Friday, August 31, 2012

The Good Earth

I've become more aware of female characters in fiction - particularly classic fiction.  I re-read The Good Earth by Pearl Buck for book club.  The novel is a classic - Pearl Buck won the Pulitzer for it.  The descriptions are vivid; and the characters, despite differences in culture, are timeless.  Yet I was struck by the novel's misogyny and sexism.  Of course it's historically accurate.  A woman gives birth to a daughter and exclaims " another slave". 

The main character's first wife, O-lan, is the patriarchal female ideal.  I would give this book to someone to explain this ideal that women are fighting - consciously or unconsciously.  Sold into actual slavery by his parents, she is sold from the family she serves to her husband. 

Without being asked, she takes over care of the home, cooking for the main character's (Wang's) father.  She asks for nothing for herself.  When she gives birth, she goes alone into her room.  She doesn't make a sound - after giving birth she goes out into the fields.

In the book club group, we agree that she is the reason for the family's success.  But she remains unrecognized and unacknowledged.  The husband takes her only treasured possession, twp pearls, to bring a second wife into their home.

She is never supposed to complain, show anger towards her husband.  She is the ideal long-suffering, patient, devoted wife and mother. In the end during her terminal illness, she refuses to die until her daughter in law moves into the home to care for everyone.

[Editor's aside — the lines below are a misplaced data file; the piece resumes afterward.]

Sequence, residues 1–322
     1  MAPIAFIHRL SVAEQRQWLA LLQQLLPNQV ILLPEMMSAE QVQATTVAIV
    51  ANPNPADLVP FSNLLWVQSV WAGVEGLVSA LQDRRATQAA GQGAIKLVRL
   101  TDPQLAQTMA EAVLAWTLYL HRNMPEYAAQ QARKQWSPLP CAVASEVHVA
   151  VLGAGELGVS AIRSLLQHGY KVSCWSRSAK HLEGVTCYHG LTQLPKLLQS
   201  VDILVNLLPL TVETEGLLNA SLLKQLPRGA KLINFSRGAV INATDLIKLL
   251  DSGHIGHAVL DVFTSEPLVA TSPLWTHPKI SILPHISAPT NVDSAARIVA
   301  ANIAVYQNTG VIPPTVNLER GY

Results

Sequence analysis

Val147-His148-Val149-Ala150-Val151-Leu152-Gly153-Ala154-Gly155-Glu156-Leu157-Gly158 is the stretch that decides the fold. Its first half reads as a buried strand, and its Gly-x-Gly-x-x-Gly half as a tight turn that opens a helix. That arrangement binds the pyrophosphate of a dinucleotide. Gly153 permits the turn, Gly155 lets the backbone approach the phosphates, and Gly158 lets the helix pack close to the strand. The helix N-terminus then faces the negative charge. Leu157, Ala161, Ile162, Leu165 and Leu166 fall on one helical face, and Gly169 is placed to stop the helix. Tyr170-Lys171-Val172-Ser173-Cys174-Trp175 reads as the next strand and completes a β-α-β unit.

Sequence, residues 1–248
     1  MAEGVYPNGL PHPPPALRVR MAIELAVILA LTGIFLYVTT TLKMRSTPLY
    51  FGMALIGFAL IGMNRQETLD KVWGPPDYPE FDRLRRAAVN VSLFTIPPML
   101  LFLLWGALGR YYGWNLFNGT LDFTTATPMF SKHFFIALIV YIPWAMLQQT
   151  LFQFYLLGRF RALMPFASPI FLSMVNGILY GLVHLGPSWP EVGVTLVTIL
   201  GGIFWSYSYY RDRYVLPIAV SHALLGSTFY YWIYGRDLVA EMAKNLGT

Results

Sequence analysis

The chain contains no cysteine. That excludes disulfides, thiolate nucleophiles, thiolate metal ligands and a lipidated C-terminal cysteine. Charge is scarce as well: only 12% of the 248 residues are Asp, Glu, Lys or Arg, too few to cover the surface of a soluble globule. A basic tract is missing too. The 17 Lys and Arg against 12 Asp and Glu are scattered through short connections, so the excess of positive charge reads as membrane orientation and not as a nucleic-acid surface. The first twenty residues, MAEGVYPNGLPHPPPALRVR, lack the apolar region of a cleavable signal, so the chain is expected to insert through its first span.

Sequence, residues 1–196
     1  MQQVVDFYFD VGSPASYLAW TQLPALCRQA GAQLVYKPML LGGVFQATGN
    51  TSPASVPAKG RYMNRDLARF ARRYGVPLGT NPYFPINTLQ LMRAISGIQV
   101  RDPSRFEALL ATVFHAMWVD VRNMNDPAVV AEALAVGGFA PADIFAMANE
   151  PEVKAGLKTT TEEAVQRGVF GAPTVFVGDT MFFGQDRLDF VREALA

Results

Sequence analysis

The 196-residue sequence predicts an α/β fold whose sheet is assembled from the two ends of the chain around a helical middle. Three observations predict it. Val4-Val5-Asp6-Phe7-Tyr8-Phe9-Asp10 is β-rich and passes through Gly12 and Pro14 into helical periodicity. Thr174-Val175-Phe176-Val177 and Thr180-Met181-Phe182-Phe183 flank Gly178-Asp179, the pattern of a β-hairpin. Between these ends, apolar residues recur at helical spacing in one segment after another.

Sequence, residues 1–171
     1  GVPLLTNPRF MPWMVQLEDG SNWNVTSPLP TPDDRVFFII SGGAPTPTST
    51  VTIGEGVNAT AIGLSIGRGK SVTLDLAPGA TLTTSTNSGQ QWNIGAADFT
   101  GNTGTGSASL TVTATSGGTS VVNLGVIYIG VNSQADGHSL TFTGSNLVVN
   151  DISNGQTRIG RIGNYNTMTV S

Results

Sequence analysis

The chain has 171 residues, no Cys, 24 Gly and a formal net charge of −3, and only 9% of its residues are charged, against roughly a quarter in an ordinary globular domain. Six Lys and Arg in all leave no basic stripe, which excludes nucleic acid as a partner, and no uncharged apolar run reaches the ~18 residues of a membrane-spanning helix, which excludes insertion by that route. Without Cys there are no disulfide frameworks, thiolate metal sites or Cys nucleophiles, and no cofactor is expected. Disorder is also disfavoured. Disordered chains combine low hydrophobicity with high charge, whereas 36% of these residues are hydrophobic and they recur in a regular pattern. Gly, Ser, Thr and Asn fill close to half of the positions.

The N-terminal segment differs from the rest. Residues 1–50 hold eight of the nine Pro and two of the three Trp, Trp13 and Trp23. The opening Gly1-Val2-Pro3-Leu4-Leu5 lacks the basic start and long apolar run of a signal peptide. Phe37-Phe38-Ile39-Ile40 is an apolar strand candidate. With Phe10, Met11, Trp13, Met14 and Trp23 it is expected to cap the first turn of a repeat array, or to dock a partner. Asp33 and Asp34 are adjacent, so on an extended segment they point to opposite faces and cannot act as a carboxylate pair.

The mother/martyr archetype is still the ideal, whether or not people want to admit it.  A woman (particularly a mother) should never want something for herself.  She should never admit she is sick, never directly ask for what she wants or needs.  She should never demand recognition of what she does.  This is the stereotype my grandmother and mother have had to fight against - and yet I wonder how they see themselves.  Would they (would I) have the self-esteem to refuse to give their prized possession to their husbands?  And would they withstand the criticism from their husbands (and society) for being selfish or narcissistic?  A good measure is whether or not men would ever be asked to make the same sacrifices. 

There is a great deal of narcissism and selfishness in modern American culture.  But let's be clear.  Women getting an education, waiting for marriage and motherhood, are not being selfish.  Families limiting their family size to those they can financially, physically and emotionally care for - not selfish.  Women having an identity outside of wife and mother - not selfish.

I'm certainly glad that times are changing.  That this explicit misogyny is no longer the status quo for the majority of American women.  I'm grateful for all the people (women and men) who fought to get rid of this second class status for half of the population.


Kathryn said...

There's a line of dialogue in the novel Mrs. Dalloway, "Politicians' wives really should't get ill," that popped into my head while reading this. I like the idea of people, male and female, being allowed to be whole people, not consigned to a role. I really hope we are moving more in that direction.

Freckle Face Girl said...

It is astounding that women have been treated and considered themselves to be second or third class citizens for so long. Thank goodness we’ve come a long way even though there is still inequality even here.